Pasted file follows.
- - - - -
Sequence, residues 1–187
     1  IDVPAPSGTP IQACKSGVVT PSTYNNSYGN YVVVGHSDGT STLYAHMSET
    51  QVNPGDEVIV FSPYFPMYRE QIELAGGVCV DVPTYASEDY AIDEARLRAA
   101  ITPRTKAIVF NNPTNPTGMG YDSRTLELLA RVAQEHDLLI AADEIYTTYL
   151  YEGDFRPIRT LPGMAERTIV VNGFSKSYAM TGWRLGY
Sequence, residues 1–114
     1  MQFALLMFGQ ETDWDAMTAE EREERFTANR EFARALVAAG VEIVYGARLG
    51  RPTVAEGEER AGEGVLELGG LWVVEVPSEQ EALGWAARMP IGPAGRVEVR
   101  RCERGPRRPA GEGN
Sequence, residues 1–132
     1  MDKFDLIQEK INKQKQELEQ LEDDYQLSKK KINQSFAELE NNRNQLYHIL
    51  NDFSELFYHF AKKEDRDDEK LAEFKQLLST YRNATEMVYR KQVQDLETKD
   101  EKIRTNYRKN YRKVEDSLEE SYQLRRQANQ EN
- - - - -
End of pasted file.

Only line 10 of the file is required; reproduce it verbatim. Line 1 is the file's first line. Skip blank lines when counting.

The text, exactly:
Sequence, residues 1–132